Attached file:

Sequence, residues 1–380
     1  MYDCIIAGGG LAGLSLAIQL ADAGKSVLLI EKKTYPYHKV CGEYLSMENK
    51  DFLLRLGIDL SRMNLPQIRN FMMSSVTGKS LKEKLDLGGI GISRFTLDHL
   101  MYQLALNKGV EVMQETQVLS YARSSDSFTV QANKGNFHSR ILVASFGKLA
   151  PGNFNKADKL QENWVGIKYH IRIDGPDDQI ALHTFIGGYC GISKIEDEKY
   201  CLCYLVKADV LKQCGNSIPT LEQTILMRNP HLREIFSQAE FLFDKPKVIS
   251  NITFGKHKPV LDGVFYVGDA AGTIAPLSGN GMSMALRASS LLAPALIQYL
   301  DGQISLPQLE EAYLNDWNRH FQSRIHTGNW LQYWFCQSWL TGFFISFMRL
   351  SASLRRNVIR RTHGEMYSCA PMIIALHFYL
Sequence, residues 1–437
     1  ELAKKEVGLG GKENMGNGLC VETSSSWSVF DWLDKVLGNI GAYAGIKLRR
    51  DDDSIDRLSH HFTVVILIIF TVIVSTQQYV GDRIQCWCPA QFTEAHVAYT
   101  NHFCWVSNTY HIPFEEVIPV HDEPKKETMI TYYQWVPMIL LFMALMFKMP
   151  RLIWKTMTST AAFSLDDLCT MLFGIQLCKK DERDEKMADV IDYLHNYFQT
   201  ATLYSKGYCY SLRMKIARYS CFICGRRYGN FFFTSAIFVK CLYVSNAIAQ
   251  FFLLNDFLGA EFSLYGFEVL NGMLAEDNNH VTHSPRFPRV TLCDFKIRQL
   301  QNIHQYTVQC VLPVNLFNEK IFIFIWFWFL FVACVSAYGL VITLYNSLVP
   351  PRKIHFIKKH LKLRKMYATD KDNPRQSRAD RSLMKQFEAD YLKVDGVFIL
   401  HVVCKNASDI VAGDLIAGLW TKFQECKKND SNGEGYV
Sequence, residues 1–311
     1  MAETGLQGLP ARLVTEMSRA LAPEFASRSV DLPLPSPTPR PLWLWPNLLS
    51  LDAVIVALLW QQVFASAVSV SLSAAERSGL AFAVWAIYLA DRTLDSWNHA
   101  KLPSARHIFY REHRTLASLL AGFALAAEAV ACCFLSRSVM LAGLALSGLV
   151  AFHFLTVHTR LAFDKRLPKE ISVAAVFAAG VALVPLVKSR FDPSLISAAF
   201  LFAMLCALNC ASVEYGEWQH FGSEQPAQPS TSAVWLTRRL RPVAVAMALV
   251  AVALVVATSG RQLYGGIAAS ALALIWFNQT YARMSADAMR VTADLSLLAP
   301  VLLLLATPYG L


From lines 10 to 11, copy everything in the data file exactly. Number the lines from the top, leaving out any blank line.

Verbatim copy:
Sequence, residues 1–437
     1  ELAKKEVGLG GKENMGNGLC VETSSSWSVF DWLDKVLGNI GAYAGIKLRR